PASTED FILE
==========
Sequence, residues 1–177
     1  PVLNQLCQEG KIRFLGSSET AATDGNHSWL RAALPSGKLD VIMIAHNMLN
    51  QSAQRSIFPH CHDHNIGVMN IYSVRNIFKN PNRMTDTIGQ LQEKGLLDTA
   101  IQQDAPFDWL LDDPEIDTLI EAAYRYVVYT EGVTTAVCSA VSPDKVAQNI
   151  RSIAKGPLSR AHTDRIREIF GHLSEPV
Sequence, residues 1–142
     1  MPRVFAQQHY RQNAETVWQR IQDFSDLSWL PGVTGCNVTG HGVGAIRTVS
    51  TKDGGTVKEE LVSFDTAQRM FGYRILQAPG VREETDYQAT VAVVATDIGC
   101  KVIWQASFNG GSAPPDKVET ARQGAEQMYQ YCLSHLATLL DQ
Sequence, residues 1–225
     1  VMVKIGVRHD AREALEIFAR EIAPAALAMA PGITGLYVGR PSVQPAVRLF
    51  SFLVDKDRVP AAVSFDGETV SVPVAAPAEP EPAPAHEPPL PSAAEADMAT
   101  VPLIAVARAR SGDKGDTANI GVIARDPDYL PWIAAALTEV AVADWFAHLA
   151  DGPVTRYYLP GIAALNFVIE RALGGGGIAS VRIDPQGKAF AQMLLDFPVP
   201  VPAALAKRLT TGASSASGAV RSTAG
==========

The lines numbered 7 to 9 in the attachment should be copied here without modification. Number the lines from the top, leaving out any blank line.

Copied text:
     1  MPRVFAQQHY RQNAETVWQR IQDFSDLSWL PGVTGCNVTG HGVGAIRTVS
    51  TKDGGTVKEE LVSFDTAQRM FGYRILQAPG VREETDYQAT VAVVATDIGC
   101  KVIWQASFNG GSAPPDKVET ARQGAEQMYQ YCLSHLATLL DQ